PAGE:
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Title: Effects of increased commercial navigation traffic on freshwater mussels in the upper Mississippi river : 1989 studies
Authors: Miller, Andrew C.
Payne, Barry S.
Keywords: Freshwater mussels--Mississippi River--Effect of habitat modification on
Unionidae--Effect of sediments on
Inland navigation--Environmental aspects
Waterways--Environmental aspects
Publisher: Environmental Laboratory (U.S.)
U.S. Army Engineer Waterways Experiment Station.
Series/Report no.: Technical Report;EL-91-3
Abstract: In 1988, the US Army Engineer District, St. Louis (CELMS) initiated a program to analyze the effects of commercial navigation traffic on freshwater mussels (Mollusca : Unionidae), especially the endangered Lampsilis higginsi in the upper Mississippi River (UMR). In 1989 mussels were collected using qualitative and quantitative methods (0.2S-sq-m total substrate samples) at dense and diverse beds in pool 24 (river mile (RM) 299), pool 14 (RM 505), and pool 10 (RM 635) of the UMR. Water velocity and suspended solids concentrations were measured immediately following vessel passage at beds in pools 10 and 14. An assessment of commercial navigation traffic effects will be based on a comparison of baseline data (1988-94) with information collected with less intensive sampling from 1994 to 2040. The UMR mussel fauna was dominated by Amblema plicata, which comprised 27.7 percent of the qualitative collection, and was found in 87.1 percent of the samples. Total numbers of the endangered L. higginsi were variable; this species comprised slightly less than 0.5 percent of the bivalve assemblage and ranked 22nd out of 26 species collected using qualitative methods. Total bivalve density ranged from 31.2 ± 25.7 (±SD) individuals/ sq n to 184.8 ± 33.3 individuals/sq mat 24 sites on three mussel beds. With the exception of the bed in pool 24, nearshore densities were about twice as high as farshore densities. Differences in relative abundance for dominant species, species diversity (1.0 to 2.3), and evenness (0.38 to 0.81), with respect to distance from shore were minor compared to inter-pool differences. Pool 24 mussel assemblages, both nearshore and farshore, were characterized by very low abundance of old individuals and high abundance of relatively young mussels. At sites in pool 14, large and relatively old mussels were abundant and dominated the assemblage; demography of nearshore and farshore assemblages was virtually identical. Biotic parameters such as relative species abundance, total density, species diversity, and species richness were similar in 1988 and 1989. Preliminary water velocity data following vessel passage at two mussel beds were obtained with Model 527 Marsh McBirney meters placed at nearshore (approximately 200 ft from shore) and farshore (approximately 400 ft from shore). Data indicated that a commercial vessel that passes within 500 to 800 ft of shore can cause a change of 1 to 2 fps for 50 to 200 sec immediately above the substrate-water interface near the center of the mussel bed.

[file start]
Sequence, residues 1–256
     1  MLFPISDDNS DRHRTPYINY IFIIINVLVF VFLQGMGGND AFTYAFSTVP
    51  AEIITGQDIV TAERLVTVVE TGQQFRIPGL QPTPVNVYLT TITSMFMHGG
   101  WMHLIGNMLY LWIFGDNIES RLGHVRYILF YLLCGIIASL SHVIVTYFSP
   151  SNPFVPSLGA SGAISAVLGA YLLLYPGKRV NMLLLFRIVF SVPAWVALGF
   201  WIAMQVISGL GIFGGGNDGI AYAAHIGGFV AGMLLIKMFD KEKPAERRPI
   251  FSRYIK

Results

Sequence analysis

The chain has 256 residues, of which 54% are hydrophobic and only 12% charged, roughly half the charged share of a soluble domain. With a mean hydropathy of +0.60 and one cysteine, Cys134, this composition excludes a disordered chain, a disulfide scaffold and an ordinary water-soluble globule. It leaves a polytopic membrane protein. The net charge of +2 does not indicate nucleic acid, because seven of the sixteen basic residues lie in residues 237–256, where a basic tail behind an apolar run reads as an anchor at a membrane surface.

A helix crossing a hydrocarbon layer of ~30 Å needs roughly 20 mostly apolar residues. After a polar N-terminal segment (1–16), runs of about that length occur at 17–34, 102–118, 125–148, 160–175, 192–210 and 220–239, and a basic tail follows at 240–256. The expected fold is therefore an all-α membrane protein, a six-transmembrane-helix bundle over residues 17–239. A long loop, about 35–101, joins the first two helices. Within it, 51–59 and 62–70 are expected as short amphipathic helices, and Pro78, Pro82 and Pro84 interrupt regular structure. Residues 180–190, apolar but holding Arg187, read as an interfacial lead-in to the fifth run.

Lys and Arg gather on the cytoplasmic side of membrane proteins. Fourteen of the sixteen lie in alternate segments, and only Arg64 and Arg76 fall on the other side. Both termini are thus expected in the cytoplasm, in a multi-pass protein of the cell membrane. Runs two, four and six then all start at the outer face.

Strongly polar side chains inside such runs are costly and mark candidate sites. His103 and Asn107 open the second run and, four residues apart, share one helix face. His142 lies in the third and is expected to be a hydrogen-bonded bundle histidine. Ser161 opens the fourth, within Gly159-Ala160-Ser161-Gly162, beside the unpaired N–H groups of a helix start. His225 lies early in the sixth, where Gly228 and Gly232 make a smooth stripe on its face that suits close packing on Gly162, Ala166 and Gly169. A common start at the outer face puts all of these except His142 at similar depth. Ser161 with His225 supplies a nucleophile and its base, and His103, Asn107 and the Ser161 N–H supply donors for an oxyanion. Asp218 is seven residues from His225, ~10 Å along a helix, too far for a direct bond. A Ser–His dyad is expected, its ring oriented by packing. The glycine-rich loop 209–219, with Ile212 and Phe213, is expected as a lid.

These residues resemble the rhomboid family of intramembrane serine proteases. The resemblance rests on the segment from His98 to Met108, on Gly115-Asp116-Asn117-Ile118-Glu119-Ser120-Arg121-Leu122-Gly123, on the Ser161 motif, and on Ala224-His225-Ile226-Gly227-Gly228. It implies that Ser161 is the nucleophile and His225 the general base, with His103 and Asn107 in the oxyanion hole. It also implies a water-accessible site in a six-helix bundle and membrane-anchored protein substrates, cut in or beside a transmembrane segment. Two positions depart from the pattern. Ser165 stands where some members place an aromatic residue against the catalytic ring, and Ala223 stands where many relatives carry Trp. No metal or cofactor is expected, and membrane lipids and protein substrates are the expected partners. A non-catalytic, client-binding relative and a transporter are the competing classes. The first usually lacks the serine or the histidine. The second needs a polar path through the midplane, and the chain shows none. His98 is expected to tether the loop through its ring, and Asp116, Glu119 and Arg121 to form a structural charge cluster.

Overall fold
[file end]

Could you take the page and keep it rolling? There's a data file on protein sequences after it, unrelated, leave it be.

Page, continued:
Appears in Collections:Technical Report

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